Environmental Groups Challenge Virginia’s Unlawful Approval of Fracked Gas Pipeline

Groups File Lawsuit Demanding a Serious Water Quality Analysis is Done

 

RICHMOND, VA — Today, a coalition of environmental groups filed a petition for review with the United States Court of Appeals for the Fourth Circuit to overturn Virginia’s unlawful approval of the fracked gas Mountain Valley Pipeline (MVP). Attorneys with Appalachian Mountain Advocates filed the litigation on behalf of the Sierra Club, Appalachian Voices, the Chesapeake Climate Action Network, and Wild Virginia.

Today’s action comes just a day after the Virginia State Water Control Board issued a certificate under the Clean Water Act that MVP needed to obtain to begin construction. The Board announced its decision on Thursday, at the conclusion of two days of contentious hearings. The Board takes up the same consideration for the Atlantic Coast Pipeline next week.

>> Today’s filing can be downloaded here.

The Board followed the Virginia Department of Environmental Quality’s (DEQ) recommendation to approve the project without requiring any assessment of how much pollution the pipeline would add to Virginia’s waters. The DEQ recognized that pipeline construction could cause significant harmful sedimentation in the steep, landslide-prone terrain crossed by the MVP, as have many other agencies and experts. Despite that, the Board concluded that erosion control plans–which the Board has not seen because they have yet to be developed–would protect water quality. Similar plans, however, have failed to prevent significant sediment pollution on pipeline construction projects in other states through much less challenging terrain.

Although construction of interstate gas infrastructure is regulated by the Federal Energy Regulatory Commission (FERC), individual states have the authority to protect their water from the impacts of fracked gas pipelines.

In response, Sierra Club Beyond Dirty Fuels Campaign Director Kelly Martin released the following statement:

“The Mountain Valley Pipeline will cause severe sediment pollution in streams, springs, and waterways across Virginia, and not a single foot of pipe should be laid before the Commonwealth conducts a comprehensive analysis of the MVP’s water quality impacts. People, businesses and communities throughout Virginia depend on access to clean water and the Commonwealth should be looking out for them, not corporate polluters.”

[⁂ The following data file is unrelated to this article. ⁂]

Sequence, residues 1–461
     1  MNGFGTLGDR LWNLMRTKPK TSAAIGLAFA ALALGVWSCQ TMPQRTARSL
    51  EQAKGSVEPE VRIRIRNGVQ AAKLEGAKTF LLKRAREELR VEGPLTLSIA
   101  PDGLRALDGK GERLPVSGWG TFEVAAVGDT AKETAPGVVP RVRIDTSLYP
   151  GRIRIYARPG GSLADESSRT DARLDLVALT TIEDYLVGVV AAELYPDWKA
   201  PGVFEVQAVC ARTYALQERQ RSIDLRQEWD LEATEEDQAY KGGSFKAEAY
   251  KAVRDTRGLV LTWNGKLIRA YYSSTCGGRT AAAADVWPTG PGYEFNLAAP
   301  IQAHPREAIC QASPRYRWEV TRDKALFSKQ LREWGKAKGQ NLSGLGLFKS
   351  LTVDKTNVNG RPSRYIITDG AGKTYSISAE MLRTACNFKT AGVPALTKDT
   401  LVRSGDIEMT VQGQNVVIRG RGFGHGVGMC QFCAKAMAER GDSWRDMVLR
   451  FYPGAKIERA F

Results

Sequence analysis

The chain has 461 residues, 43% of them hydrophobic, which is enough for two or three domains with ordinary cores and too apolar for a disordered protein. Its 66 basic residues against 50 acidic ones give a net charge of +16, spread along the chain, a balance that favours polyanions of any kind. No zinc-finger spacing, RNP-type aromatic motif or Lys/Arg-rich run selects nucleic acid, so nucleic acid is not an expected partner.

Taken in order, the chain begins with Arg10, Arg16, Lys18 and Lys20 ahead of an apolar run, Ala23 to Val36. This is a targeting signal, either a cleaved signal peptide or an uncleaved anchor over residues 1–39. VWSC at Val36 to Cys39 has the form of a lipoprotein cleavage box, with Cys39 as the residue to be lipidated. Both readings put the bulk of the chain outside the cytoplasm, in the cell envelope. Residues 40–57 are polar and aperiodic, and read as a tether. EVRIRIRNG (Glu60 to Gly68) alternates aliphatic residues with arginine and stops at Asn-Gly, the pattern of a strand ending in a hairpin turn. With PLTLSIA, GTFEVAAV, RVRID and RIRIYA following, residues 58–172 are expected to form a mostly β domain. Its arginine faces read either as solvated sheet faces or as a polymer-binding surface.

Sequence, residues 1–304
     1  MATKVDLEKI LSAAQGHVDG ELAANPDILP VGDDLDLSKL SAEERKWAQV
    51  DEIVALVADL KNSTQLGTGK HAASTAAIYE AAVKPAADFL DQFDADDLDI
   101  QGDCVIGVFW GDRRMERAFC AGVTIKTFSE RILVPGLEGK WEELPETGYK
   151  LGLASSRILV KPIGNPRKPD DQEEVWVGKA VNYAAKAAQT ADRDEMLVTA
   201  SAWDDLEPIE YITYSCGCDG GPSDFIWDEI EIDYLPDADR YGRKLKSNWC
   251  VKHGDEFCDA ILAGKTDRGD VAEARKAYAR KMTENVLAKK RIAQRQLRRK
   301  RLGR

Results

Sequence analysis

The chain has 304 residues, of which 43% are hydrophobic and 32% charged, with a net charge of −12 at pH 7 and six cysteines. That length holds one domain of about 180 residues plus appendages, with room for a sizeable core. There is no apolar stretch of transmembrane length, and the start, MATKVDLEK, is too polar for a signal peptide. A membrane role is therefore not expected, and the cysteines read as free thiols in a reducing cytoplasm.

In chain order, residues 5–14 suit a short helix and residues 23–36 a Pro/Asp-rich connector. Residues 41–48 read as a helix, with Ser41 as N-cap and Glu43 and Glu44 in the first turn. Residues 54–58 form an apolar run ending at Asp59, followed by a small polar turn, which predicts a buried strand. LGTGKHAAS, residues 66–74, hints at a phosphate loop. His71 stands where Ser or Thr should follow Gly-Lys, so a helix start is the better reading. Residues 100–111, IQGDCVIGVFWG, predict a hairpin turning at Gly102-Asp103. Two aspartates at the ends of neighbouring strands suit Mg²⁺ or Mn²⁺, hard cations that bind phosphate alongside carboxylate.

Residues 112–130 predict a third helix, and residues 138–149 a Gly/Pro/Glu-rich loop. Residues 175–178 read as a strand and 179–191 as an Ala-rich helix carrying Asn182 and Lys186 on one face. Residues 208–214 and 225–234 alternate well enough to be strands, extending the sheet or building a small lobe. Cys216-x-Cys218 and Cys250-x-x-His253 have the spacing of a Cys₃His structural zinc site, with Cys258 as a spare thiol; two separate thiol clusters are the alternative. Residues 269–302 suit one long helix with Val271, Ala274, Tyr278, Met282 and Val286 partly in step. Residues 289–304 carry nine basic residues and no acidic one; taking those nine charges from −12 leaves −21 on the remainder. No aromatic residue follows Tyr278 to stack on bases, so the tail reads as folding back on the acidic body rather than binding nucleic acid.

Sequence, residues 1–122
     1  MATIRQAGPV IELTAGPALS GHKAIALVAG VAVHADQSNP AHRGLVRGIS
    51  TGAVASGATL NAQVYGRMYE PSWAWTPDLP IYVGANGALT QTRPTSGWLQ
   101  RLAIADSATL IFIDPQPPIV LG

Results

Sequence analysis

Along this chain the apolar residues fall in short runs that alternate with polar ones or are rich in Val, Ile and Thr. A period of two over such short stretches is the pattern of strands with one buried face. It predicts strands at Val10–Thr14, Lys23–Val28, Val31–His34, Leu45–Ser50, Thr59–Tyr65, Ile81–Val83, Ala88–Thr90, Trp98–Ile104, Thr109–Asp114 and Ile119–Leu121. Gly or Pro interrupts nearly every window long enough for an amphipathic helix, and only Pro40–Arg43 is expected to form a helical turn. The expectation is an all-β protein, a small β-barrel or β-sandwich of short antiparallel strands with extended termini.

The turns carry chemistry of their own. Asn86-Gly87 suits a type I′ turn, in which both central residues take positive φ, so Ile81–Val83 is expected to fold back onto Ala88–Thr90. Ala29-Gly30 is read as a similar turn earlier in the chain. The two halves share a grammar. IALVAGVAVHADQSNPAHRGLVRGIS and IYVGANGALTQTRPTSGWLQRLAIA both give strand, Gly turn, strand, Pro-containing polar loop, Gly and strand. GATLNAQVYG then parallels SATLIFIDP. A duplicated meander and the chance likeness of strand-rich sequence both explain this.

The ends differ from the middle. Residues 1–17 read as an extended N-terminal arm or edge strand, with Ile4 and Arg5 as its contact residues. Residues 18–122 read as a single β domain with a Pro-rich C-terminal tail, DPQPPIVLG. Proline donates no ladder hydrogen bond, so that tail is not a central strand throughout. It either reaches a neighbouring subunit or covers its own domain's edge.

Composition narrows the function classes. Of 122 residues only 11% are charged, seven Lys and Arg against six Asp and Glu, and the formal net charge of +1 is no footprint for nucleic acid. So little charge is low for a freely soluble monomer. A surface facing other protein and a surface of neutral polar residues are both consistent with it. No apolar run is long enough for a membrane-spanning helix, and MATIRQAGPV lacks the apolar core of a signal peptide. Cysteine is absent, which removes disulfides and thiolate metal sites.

Peter Anderson, Virginia Program Manager for Appalachian Voices said:

“We are extremely disappointed the Board voted to approve the pipeline without the information required to support its decision. Throughout the entire process, the DEQ sought to limit public participation, the information it shared with the Board, and the scope of the Board’s authority. The inevitable damage to water resources across our mountains is unacceptable, so we are taking our fight to the courts. We will stand up for the people whose water, homes, and livelihoods are threatened by the Mountain Valley Pipeline.”

Mike Tidwell, Executive Director of the Chesapeake Climate Action Network, said:

“The Chesapeake Climate Action Network strongly condemns this decision, and the McAuliffe Administration’s support for the Mountain Valley Pipeline. Virginians rightfully expected that a project this massive, which would cross hundreds of streams and tear through steep, mountainous terrain, would be subject to rigorous environmental review. Instead, the McAuliffe Administration pushed the Board to approve the pipeline with a promise of future analysis but without providing critical information. This rushed decision, if allowed to stand, will harm farmers, consumers, drinking water, and the climate and constitutes a colossal misallocation of resources.”

David Sligh, Conservation Director of Wild Virginia said:

“The Virginia State Water Control Board had a clear duty, to look at all potential impacts to state waters from the Mountain Valley Pipeline and make sure our water quality standards are upheld. Instead, the Board went along with the DEQ’s approach of arbitrarily segmenting its review and shirking its legal duties. This approach was clearly constructed by DEQ to avoid the conclusion that would come from a scientifically valid assessment – that this project cannot be built as proposed in a way that protects our waters and our communities.”

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